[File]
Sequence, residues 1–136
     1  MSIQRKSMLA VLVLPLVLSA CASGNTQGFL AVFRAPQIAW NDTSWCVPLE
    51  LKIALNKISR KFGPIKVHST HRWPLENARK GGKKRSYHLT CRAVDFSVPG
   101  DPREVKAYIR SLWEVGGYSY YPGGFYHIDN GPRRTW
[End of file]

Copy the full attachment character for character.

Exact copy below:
Sequence, residues 1–136
     1  MSIQRKSMLA VLVLPLVLSA CASGNTQGFL AVFRAPQIAW NDTSWCVPLE
    51  LKIALNKISR KFGPIKVHST HRWPLENARK GGKKRSYHLT CRAVDFSVPG
   101  DPREVKAYIR SLWEVGGYSY YPGGFYHIDN GPRRTW